Bob follows forest policy for the Wild Salmon Center, with much of his work focused on Oregon's state-owned Tillamook and Clatsop State Forests. These state forests cover the Coast Range between the Pacific Ocean and the Portland Metropolitan area, and they are home to some of the strongest wild salmon runs left in the state. Bob's background is in forest policy and academia. He has a Ph.D. in political science from the University of Washington, and he has worked for 15 years at Pacific University in Forest Grove, where he has served as the associate dean and the chair of the Department of Political Science. Bob is also trained in GIS, and he has a special passion for illustrating public policy through maps. In his spare time Bob tends a big garden, chases his kids, and gets lost on the back roads of Oregon's fabulous public lands.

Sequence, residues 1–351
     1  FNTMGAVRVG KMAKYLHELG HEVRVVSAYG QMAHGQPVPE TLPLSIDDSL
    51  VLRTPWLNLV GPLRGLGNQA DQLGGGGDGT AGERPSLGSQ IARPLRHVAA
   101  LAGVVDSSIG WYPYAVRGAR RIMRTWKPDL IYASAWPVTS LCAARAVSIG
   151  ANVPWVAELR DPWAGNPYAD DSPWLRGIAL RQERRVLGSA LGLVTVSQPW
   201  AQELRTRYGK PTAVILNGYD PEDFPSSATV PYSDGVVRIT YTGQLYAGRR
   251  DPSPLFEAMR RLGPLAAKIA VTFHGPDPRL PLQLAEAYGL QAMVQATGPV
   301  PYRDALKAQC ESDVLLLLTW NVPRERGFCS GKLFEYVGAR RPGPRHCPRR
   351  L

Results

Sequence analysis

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Mariusz Wroblewski, Western Pacific Program Director
From 1994-2002, Mariusz managed the Ponoi and Yokanga river fly fishing operations in the Kola Peninsula in northwestern Russia, where he oversaw conservation programs with the Atlantic Salmon Federation and Knipovich Polar Institute in Murmansk. From 2006-2011, Mariusz was Skeena River Program Director at Ecotrust in Portland Oregon. In this capacity, he helped to form the Skeena Wild Conservation Trust and serves as a Trustee. In 2010, Mariusz worked for WSC on contract, when he traveled to Moscow, Khabarovsk, and Kamchatka to advise our partners on promoting best practices in sport fishing. Mariusz speaks fluent Russian, Polish, and English, and is a PhD candidate degree from UC Berkeley in Slavic Languages and Literature. Mariusz is also a professional fly fishing guide and instructor. He was a member of the US tournament casting team in 1993, and in 2006 won the World Spey (two-handed) Casting Championship at the Golden Gate Angling and Casting Club in San Francisco.